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In the summer of 1990, I blundered into a bloody civil war that few people outside of Guatemala knew or cared about. I was in the country to learn Spanish, but after finding the beautiful colonial town of Antigua choking with gringos and Anglophones – not the cultural experience I had in mind – I made my way to the out-of-the-way hill-town of Huehuetenango, the last stop before the Mexican border.
There, I found myself in the heart of the Guatemalan Highlands, home to indigenous Mayan villages, each one a different orgy of color thanks to the residents' traje, or local dress. In addition to its own homespun costume, each village had a unique agricultural tradition, whether harvesting salt to growing maize to managing livestock to cultivating garlic. They traded amongst each other on designated market days of mostly women and children – able-bodied men were notably few. I vowed to visit every village I could in the three months I would be living there. I wanted to discover everything about the indigenous Maya and their way of life.
What I learned, right away, was that their way of life was on the verge of extinction. For over 30 years, the indigenous people of Guatemala had suffered violence under a succession of repressive, dictatorial governments – all propped up and trained by the United States of America.
That’s also when I learned how today’s hero accidentally brought three decades of crimes against humanity to the attention of the international community. She was only three years older than me, but she'd already witnessed extremes that most of us may never even imagine.
Here’s her story, and the context in which her journey would eventually lead to the Nobel Peace Prize…
It started in 1954, five years before Rigoberta Menchú was born. That’s when the US Central Intelligence Agency overthrew the democratically elected President Jacobo Árbenz and installed a military dictatorship under Carlos Castillo Armas. This would be the first of many US-backed authoritarian regimes in Guatemala, all of which served capitalist interests, such as United Fruit, as well as the Guatemalan oligarchy.
The vast majority of Guatemalans then lived in misery. There was no middle class; few had access to education. Illiterate and without healthcare, most were forced to work for subsistence wages on the plantations of the uber-rich. Age didn't matter — even children labored to help their families barely make ends meet. Arbenz ran for election on a campaign of reform. He promised to bring balance to a nation – the Land of Eternal Spring – rich in natural resources that were owned by less than 5% of the population. The people brought him to power by free and fair popular democratic vote.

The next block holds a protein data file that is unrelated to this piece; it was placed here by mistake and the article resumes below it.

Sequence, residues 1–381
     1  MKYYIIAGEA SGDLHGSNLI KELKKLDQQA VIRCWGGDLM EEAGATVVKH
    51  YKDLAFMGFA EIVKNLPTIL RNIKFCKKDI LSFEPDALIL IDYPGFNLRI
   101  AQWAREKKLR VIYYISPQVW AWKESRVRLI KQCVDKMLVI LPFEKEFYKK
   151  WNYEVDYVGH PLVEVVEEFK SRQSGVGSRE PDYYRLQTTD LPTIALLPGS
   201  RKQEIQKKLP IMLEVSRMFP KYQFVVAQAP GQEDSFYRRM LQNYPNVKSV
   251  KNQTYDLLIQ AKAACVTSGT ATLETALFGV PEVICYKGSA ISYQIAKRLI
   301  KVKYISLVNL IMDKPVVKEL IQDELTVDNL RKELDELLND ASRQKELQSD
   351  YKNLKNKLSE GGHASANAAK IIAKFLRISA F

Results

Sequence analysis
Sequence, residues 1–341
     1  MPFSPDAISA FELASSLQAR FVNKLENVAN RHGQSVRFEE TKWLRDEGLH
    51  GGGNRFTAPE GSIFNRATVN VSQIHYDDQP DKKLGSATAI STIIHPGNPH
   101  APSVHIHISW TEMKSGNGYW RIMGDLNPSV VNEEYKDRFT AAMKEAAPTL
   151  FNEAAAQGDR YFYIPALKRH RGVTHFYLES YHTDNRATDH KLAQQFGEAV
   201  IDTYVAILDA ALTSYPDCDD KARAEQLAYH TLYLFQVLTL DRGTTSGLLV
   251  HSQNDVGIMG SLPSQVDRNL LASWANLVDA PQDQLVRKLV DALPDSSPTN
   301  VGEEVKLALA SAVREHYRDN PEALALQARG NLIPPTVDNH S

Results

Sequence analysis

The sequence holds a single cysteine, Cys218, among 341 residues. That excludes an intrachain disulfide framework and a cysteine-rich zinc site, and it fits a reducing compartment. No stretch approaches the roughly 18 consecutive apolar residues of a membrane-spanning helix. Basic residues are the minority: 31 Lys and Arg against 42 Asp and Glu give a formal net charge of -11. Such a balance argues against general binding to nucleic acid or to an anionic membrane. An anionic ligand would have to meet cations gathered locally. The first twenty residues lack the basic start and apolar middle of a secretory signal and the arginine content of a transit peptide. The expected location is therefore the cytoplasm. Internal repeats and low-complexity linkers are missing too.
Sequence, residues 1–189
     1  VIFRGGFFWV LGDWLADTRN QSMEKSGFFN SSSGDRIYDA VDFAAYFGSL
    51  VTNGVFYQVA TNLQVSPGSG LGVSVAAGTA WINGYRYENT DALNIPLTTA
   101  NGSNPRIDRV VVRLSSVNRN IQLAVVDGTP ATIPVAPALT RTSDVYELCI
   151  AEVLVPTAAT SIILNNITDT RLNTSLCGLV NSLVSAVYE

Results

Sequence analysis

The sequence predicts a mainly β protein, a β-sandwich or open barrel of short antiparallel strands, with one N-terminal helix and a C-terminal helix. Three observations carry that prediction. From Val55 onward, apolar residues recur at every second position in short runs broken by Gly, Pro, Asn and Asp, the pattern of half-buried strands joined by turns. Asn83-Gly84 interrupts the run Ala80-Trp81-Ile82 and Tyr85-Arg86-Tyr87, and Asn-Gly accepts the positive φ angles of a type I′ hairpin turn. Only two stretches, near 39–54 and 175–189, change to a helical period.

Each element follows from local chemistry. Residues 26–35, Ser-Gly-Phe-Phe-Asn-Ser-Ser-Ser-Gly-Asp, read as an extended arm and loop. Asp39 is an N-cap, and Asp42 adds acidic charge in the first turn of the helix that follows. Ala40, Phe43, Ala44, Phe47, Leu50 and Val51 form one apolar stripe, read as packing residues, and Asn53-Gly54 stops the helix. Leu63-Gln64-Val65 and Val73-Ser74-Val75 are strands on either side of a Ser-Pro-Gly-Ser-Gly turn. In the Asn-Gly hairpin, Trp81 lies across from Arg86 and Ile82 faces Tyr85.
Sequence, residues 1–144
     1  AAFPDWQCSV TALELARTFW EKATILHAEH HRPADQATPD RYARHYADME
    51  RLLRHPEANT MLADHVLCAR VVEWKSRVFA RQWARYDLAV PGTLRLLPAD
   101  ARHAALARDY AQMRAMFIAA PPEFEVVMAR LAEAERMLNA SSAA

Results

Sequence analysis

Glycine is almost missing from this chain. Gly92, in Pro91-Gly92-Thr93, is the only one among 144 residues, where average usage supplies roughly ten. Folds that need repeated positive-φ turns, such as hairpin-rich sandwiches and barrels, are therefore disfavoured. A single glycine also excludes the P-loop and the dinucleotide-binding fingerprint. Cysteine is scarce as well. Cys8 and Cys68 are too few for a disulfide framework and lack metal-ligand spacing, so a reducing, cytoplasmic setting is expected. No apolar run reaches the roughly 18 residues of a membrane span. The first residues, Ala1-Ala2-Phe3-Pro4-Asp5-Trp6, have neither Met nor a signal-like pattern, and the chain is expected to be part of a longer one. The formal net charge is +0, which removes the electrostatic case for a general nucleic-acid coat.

But instead of becoming a showcase for democracy under Arbenz, Guatemala grew increasingly repressive under each US-supported anti-communist dictator. This led to activism which, when stomped out, progressed to radicalization which, when stomped out, advanced to popular insurrection. The Guatemalan government had only one reaction: terror. Their methods of killing become increasingly more creative. By the late 1970s, more than two decades after the overthrow of Arbenz, things had gone from bad to ugly to horrific.
Between 1976 and 1980, government-sponsored security forces killed or disappeared as many as 1000 politicians, Church leaders, trade unionists, university professors, and students — anyone who dared to call for reform. By 1980 death squads were running rampant in the capital, Guatemala City, as well as in the countryside. Mutilated bodies piled up on the streets and in ravines. Soldiers destroyed ceremonial sites and sacred places; they turned churches into torture chambers. They raped women in front of their husbands and killed children in front of their mothers. They tore fetuses from the wombs of pregnant women. They impaled their victims; amputated their limbs; doused them in gasoline and burned them alive.